The reality is that, as the Centers for Disease Control (CDC) says, “BMI is only a screening tool and not diagnostic of body fat or the health of an individual.” It does allow us to “categorize” weight issues into classes of underweight, healthy weight, overweight, obesity and severe obesity to allow for comparison studies. It can be confusing as we all know people with a normal BMI who are unhealthy. For example, someone with a BMI of 25 can suffer from high blood pressure or high cholesterol due to a genetic predisposition to the disease. We also know people with high BMIs who are healthy, like an NFL linebacker with a BMI of 37 due to their high amount of muscle mass.

What are we really trying to accomplish with weight-loss? Is it simply losing pounds? Is it just losing the load we are carrying to make it easier on our back, our joints and our heart? Maybe partially, but our main goal for weight-loss is to lose FAT.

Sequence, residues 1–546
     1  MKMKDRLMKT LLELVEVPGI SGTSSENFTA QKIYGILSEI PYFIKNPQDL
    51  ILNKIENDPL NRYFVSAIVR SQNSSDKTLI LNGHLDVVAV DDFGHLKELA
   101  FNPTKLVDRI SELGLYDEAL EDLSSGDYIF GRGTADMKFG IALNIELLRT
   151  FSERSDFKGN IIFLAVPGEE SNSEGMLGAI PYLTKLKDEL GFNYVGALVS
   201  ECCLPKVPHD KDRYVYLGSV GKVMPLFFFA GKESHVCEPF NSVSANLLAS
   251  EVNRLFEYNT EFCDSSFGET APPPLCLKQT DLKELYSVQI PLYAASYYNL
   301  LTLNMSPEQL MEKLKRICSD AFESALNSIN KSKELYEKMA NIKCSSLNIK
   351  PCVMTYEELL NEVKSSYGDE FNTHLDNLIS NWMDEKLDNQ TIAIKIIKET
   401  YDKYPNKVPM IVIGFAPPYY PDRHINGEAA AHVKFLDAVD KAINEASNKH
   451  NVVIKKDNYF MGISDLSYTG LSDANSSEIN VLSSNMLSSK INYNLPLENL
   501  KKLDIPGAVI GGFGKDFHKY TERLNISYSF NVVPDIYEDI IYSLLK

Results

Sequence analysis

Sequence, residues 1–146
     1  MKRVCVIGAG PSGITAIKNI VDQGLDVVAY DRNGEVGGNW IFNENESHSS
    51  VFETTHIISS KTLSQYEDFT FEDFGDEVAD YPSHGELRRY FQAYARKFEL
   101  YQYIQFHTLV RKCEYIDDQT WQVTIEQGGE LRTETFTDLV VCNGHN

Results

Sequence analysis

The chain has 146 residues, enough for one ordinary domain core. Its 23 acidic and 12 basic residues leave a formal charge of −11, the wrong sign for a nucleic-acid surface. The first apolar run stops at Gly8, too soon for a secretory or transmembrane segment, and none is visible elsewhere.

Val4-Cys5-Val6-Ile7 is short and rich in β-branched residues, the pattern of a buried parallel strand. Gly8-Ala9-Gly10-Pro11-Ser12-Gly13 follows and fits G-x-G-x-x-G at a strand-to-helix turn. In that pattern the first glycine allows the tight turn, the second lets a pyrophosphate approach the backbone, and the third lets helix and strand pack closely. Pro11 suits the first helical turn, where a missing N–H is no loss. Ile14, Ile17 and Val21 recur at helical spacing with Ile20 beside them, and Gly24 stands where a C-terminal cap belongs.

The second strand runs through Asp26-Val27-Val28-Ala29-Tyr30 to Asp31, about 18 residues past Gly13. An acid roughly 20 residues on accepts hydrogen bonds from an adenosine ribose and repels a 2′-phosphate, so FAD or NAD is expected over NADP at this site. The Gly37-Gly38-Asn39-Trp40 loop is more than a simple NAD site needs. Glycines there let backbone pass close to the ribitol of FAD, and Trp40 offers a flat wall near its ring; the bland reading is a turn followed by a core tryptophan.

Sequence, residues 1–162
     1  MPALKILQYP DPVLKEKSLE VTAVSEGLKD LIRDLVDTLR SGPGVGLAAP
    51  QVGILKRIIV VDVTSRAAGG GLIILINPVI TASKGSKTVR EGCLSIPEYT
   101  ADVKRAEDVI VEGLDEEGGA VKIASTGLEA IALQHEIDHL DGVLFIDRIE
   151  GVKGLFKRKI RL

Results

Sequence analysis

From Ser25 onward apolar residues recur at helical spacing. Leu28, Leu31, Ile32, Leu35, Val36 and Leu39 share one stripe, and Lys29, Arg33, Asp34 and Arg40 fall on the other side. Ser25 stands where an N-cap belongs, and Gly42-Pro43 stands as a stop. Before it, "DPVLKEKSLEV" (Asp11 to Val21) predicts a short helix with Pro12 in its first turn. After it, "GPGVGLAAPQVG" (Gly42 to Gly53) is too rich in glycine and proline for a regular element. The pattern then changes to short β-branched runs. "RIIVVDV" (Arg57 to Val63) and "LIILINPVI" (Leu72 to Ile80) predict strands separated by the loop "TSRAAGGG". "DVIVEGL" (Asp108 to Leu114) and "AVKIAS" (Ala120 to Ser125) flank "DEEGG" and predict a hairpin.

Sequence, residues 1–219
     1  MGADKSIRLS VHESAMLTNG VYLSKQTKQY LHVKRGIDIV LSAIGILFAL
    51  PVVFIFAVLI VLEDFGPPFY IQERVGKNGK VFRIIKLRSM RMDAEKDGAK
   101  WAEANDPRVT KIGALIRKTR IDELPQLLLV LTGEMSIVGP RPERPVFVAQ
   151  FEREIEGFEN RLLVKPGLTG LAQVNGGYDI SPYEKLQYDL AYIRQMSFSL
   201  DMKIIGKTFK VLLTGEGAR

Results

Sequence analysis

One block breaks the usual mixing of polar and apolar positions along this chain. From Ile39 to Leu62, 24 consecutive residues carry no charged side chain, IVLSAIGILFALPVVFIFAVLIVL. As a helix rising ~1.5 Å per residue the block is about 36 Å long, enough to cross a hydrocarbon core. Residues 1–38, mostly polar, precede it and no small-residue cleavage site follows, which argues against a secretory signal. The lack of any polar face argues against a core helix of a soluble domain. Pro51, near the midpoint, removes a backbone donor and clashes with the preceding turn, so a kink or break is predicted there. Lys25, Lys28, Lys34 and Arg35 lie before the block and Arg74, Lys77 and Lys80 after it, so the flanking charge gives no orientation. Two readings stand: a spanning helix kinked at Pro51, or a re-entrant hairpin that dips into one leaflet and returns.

As Webster’s dictionary defines it, “obesity is a condition characterized by the excessive accumulation and storage of fat in the body.” Or, even better (and fancier) is the Obesity Medicine Association definition: “obesity is a chronic, relapsing, multifactorial, neurobehavioral disease, wherein an increase in body fat promotes adipose tissue dysfunction and abnormal fat mass physical forces, resulting in adverse metabolic, biomechanical, and psychosocial health consequences.” Put simply, all of this means that too much fat in our fat cells creates abnormal, poorly functioning cells that cause inflammation and obesity-related conditions. Losing fat — not just losing weight — is the key to improved health after bariatric surgery.